Sen. Charles Schumer pleaded with the U.S. Justice Department in the Wall Street Journal yesterday to drop its antitrust lawsuit against Apple and publishers by suggesting it will only lay the foundation for Amazon to reclaim control over the eBook industry.
According to the New York senator’s Op-Ed piece:
Recently the Department of Justice filed suit against Apple and major publishers, alleging that they colluded to raise prices in the digital books market. While the claim sounds plausible on its face, the suit could wipe out the publishing industry as we know it, making it much harder for young authors to get published.
The suit will restore Amazon to the dominant position atop the e-books market it occupied for years before competition arrived in the form of Apple. If that happens, consumers will be forced to accept whatever prices Amazon sets.
The Justice Department filed suit last spring against Apple, Macmillan, and Penguin Group for allegedly fixing eBook prices, while Hachette, HarperCollins, and Simon & Schuster settled to dodge the legal dispute.
Amazon set its eBook prices at $9.99, but, according to the government (via The Hill), Apple and the publishers supposedly colluded to build a new business model that drove the standard price of eBooks up and placed pricing in the hands of publishers instead of retailers.
Schumer claimed the business model would effectively relinquish the eBook market from Amazon’s dominion. He also mentioned Amazon’s share dropped to 60 percent after the publishers launched the new pricing matrix, while older eBook prices also lowered.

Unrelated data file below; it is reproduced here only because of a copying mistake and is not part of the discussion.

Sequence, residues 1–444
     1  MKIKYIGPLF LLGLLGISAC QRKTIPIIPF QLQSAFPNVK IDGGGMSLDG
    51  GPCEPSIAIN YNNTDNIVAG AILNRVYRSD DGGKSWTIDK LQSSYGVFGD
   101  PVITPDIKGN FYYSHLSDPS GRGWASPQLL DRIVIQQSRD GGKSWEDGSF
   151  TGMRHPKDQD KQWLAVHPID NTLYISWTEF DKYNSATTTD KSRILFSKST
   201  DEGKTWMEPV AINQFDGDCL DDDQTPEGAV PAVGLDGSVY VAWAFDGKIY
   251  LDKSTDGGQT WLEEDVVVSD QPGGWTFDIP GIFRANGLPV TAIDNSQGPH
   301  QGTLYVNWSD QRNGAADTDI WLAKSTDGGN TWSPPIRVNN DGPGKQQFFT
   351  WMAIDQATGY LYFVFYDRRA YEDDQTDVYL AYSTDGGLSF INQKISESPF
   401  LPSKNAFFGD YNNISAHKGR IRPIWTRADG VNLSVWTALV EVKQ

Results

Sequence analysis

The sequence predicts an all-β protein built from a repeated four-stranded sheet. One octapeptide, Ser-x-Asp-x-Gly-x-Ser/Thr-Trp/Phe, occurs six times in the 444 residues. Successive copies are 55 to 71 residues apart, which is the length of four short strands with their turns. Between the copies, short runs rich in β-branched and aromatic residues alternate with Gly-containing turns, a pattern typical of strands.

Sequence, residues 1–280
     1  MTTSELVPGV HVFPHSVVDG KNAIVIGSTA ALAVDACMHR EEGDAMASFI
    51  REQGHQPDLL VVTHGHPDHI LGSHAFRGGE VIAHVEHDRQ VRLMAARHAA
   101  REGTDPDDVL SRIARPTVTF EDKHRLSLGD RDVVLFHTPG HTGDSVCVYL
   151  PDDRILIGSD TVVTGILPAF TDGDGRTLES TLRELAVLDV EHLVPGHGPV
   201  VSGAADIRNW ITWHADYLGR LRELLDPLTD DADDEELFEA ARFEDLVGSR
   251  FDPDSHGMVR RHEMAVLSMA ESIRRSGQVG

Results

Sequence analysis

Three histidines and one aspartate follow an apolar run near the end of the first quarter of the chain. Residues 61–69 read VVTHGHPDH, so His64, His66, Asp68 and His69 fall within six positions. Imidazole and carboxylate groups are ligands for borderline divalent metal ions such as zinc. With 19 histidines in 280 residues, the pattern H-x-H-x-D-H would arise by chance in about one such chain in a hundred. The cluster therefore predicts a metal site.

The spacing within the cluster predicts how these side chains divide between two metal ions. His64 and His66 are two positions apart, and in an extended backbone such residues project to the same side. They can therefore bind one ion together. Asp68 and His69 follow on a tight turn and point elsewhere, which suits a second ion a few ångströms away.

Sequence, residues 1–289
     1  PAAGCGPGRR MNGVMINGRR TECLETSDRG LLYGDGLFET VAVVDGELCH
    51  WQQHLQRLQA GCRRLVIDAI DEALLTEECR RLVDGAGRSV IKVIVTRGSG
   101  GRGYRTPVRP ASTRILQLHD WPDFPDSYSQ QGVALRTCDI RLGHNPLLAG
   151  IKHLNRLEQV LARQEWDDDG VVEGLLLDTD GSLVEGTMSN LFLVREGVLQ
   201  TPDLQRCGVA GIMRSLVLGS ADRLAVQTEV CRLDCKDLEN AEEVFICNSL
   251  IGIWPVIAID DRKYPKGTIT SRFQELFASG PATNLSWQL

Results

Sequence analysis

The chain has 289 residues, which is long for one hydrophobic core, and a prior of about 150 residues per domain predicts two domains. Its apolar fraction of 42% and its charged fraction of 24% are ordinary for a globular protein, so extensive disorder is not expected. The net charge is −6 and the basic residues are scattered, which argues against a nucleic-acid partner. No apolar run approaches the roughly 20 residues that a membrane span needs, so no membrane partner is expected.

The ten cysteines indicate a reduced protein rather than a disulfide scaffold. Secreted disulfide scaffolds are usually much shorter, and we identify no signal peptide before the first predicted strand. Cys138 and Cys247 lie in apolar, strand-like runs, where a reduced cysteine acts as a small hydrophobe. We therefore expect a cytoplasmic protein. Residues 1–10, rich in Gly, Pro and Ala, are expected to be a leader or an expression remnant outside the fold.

The Justice Department has ignored this overall trend and instead focused on the fact that the prices for some new releases have gone up. This misses the forest for the trees. While consumers may have a short-term interest in today’s new release e-book prices, they have a more pressing long-term interest in the survival of the publishing industry.
Like Apple contended in its legal response, Schumer is concerned the Justice Department’s lawsuit allows “monopolists and hurt innovators,” while having a “deterrent effect not only on publishers but on other industries that are coming up with creative ways to grow and adapt to the Internet.”
He further beseeched the Justice Department to “reassess its prosecution priorities” and assemble inclusive guidelines before filing antitrust suits in the future.
Check out the full memo at The Wall Street Journal.
- Apple’s legal response to DOJ in eBook price-fixing case (9to5mac.com)
- Apple calls DOJ’s antitrust lawsuit over eBook price-fixing “fundamentally flawed” (9to5mac.com)
- June 2013 trial date set for U.S. Government versus Apple eBooks collusion case (9to5mac.com)
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